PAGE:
News & Events

Noon seminar - Investigation of hydrological flows and the fate of nitrogen deposition in BC CZO

Monday, November 15, 2010, 12:00PM - 1:00PM

Speaker

Eve-Lyn S. Hinckley

INSTAAR postdoctoral scholar

Location:

ARC 620

Full title: "Investigation of hydrological flows and the fate of nitrogen deposition using 15N tracer studies in the Boulder Creek Critical Zone Observatory."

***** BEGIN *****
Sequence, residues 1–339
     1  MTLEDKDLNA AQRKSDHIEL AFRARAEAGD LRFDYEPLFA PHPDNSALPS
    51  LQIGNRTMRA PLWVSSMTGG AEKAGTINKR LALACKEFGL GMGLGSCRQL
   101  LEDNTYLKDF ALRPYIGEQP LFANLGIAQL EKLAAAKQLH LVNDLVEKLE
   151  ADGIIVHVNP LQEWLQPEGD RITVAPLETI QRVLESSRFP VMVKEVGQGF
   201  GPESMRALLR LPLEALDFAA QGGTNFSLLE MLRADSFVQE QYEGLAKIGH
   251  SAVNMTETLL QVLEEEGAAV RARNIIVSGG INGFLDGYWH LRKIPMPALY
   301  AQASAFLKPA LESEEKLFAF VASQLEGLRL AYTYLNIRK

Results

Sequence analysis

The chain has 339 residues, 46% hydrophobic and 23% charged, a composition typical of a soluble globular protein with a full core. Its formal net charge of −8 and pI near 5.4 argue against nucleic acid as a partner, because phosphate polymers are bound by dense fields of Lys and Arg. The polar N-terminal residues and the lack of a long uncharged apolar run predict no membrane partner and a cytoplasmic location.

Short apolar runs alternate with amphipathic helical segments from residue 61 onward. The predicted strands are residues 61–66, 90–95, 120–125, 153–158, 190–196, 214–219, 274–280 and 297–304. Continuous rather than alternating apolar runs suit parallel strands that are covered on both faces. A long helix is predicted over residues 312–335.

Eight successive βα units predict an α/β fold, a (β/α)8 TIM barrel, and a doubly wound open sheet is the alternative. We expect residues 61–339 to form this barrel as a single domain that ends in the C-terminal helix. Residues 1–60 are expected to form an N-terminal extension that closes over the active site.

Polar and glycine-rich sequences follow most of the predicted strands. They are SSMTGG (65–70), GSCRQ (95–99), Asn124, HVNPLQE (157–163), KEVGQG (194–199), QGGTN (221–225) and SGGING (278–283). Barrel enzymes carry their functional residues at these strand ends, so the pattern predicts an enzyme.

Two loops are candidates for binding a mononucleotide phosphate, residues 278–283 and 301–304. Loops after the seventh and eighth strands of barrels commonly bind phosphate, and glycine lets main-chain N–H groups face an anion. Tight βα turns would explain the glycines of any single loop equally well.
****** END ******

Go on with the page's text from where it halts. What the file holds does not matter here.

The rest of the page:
Increased deposition of reactive nitrogen (Nr) to the Colorado Front Range has changed ecosystem stoichiometry, microbial transformation rates, and aquatic community structure over the last decade. While several studies have examined N loading to the alpine zone, little attention has focused on lower elevations, including subalpine and montane zones. To understand Nr impacts in these areas, we instrumented plots along a north-south cross-section in a forested montane catchment that is part of the Boulder Creek Critical Zone Observatory. We applied 15N-nitrate and lithium bromide tracers during spring snowmelt and a simulated summer rain event, the two major hydrologic events mobilizing N in these systems. Following each application, we measured tracer constituents in solution waters, as well as N isotopic composition and concentrations in soils, vegetation, and microbial pools in order to 1) determine the residence time, export pathways, and biological uptake of deposited N, and 2) develop an understanding of the seasonal hydrologic forcing and soil profile characteristics that determine the annual N budget. Our data show that source dynamics (e.g., variation in snowpack melting) control N movement through the soil profile during snowmelt; preliminary data suggest that the majority of all tracers moved out of snow-covered north-facing slope plots over the course of 40 days, versus during a two-day melt event in the south-facing slope plots. In contrast, local soil properties (e.g., texture and structure) exert control during rainfall events; N retention on the south-facing slope was greater than on the north-facing slope by a factor of six, leading to more N uptake by vegetation and microbial pools. Our results lend insights that are important for understanding catchment-scale timing of N transport to streams and the role of mid-elevation forests in metabolizing deposited N within the larger landscape context, from alpine to plains.